One weekend last month a thousand members of the French Socialist Party, including cabinet ministers and leading party activists, gathered in Paris to discuss the National Front, a radical right-wing party that, according to recent polls, is expected to significantly increase its electoral strength. The purpose of the conference was to arrive at a profound understanding of the National Front phenomenon and its broad historical and intellectual dimensions, and to create tools for fighting ethnic and racist nationalism.
In light of what is happening today, a simple fact must be understood: The chauvinistic, racist right is an integral part of European culture and is a built-in element in European ethnic and cultural nationalism. Furthermore, it must be understood that the emergence of the chauvinistic, racist right in the 20th century was not just an incidental result of the First World War and the crises that erupted in its wake. Many people are now asking the frightening question: Are we witnessing a return to the 1930s?
An Israeli participating in this conference could not help but compare the situation in Europe with what is happening today in Israel, and could not resist recalling that the last time the Israeli left held a similar discussion was the period immediately following the debacle in the 1977 elections. The Israeli left shuns ideology; it clings to “pragmatism,” which is nothing but crass opportunism, because by being “pragmatic,” it hopes to prove that it is fit to be the ruling party. Second, in failing to vigorously oppose the ethnic, religious and messianic perception of nationhood that is being promoted by the right, the Labor Party’s leftist establishment is actually collaborating with the right.
In the situation currently prevailing in Europe and Israel, those who do not wage an all-out war on xenophobia and racism are, in effect, making peace with the existence of the most destructive phenomenon in modern history. Ultimately, one must ask whether the current wave of xenophobia is not in principle similar to the anti-Semitism that, in the 1930s, confronted the Jews who lived in western Europe or immigrated there. In other words, is “Islamophobia” today replacing anti-Semitism as a social ill? All of the various groups comprising the European left find this question highly disturbing. Everyone is aware that radical right-wing groups are gaining strength on the European continent – even in countries where the growth of the radical right is surprising, such as Norway, which does not have a high rate of unemployment or poverty and which has a superb welfare system. Many people today are reluctantly admitting that the source of the problem is to be found deep inside European culture and the European concept of organic nationalism.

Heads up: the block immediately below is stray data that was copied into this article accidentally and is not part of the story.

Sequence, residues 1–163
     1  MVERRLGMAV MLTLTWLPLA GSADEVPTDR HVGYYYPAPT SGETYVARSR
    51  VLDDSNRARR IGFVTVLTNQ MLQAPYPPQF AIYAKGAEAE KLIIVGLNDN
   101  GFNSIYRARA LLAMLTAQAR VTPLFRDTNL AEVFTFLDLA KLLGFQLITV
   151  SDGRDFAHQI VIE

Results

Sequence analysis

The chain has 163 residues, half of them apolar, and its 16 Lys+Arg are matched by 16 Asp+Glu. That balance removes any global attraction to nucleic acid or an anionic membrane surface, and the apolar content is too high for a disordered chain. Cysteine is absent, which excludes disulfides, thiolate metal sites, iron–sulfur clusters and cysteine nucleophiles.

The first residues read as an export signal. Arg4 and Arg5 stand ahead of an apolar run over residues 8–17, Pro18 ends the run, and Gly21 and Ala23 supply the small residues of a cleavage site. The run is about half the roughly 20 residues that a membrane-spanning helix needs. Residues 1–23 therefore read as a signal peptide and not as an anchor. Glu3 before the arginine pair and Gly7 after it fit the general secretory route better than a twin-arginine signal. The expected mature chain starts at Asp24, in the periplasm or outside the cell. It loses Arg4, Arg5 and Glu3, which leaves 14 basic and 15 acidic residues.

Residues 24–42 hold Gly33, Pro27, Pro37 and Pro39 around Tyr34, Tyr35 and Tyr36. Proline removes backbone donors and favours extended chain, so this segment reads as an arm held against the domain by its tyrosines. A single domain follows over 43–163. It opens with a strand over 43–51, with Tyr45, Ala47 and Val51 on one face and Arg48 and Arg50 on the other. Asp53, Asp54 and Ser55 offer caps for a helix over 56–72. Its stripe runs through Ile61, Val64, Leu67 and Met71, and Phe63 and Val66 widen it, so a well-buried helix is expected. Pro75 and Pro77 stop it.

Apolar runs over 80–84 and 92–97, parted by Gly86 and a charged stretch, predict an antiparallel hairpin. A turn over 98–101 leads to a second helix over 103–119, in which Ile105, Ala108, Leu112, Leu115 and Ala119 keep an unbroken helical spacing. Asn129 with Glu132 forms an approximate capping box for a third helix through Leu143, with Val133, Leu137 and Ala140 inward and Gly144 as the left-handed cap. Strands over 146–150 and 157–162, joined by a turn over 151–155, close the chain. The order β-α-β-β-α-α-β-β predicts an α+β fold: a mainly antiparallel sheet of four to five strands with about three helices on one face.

When comparing Europe and Israel in 2013, it is hard to avoid the conclusion that among Western states, the country where the radical right is the most powerful (and is even in power), and where the left is the weakest, is Israel. Here as well, the source of the problem is to be found in the country’s culture, in the concept of the nation as a tribe and in the problematic definition of Jewish identity. It is even harder to avoid the conclusion that the Israeli right – from the Likud and Yisrael Beiteinu to Habayit Hayehudi – is very far to the right of Marine Le Pen’s National Front. Compared to most of the cabinet ministers and Knesset members, Le Pen looks like a dangerous leftist.
Israel is today at the extreme rightist end of the political spectrum, and its rightist groups are among the worst and most dangerous of those currently operating in democratic societies, with the exception of neo-Nazi groups. Israel is gradually being distanced from the family of the world’s enlightened nations – by laws being proposed in the Knesset that are founded on openly declared ethnic and national discrimination, and by the oppressive regime in the West Bank.
As in Europe, the key to Israel’s continued survival as an enlightened country is in the hands of the so-called moderate right and in the hands of those who wallow in the mud that is called the political center, such as the leader of the Yesh Atid party, Finance Minister Yair Lapid, and his followers. In a time of crisis, who will they side with and where will Israel’s Labor Party turn to? Will it turn to the hardline nationalists who each day are causing Israeli society to deteriorate, or to the left, which sticks by its principles and fights for them?
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